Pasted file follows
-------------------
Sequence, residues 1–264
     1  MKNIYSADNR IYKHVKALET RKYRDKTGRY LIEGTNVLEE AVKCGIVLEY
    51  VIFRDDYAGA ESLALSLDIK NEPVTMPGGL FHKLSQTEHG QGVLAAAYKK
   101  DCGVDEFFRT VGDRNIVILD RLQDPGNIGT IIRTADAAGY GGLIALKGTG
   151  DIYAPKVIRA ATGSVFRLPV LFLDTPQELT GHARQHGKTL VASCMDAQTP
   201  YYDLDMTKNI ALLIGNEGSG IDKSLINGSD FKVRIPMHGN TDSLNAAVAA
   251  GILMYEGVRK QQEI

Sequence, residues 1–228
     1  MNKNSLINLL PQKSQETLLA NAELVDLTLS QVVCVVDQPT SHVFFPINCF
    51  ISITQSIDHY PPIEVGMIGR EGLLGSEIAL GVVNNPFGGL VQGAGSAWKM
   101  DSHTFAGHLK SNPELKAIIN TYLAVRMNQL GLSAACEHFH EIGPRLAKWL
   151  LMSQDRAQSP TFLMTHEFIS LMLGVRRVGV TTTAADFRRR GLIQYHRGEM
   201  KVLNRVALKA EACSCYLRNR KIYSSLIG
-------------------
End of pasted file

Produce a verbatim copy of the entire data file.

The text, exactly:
Sequence, residues 1–264
     1  MKNIYSADNR IYKHVKALET RKYRDKTGRY LIEGTNVLEE AVKCGIVLEY
    51  VIFRDDYAGA ESLALSLDIK NEPVTMPGGL FHKLSQTEHG QGVLAAAYKK
   101  DCGVDEFFRT VGDRNIVILD RLQDPGNIGT IIRTADAAGY GGLIALKGTG
   151  DIYAPKVIRA ATGSVFRLPV LFLDTPQELT GHARQHGKTL VASCMDAQTP
   201  YYDLDMTKNI ALLIGNEGSG IDKSLINGSD FKVRIPMHGN TDSLNAAVAA
   251  GILMYEGVRK QQEI

Sequence, residues 1–228
     1  MNKNSLINLL PQKSQETLLA NAELVDLTLS QVVCVVDQPT SHVFFPINCF
    51  ISITQSIDHY PPIEVGMIGR EGLLGSEIAL GVVNNPFGGL VQGAGSAWKM
   101  DSHTFAGHLK SNPELKAIIN TYLAVRMNQL GLSAACEHFH EIGPRLAKWL
   151  LMSQDRAQSP TFLMTHEFIS LMLGVRRVGV TTTAADFRRR GLIQYHRGEM
   201  KVLNRVALKA EACSCYLRNR KIYSSLIG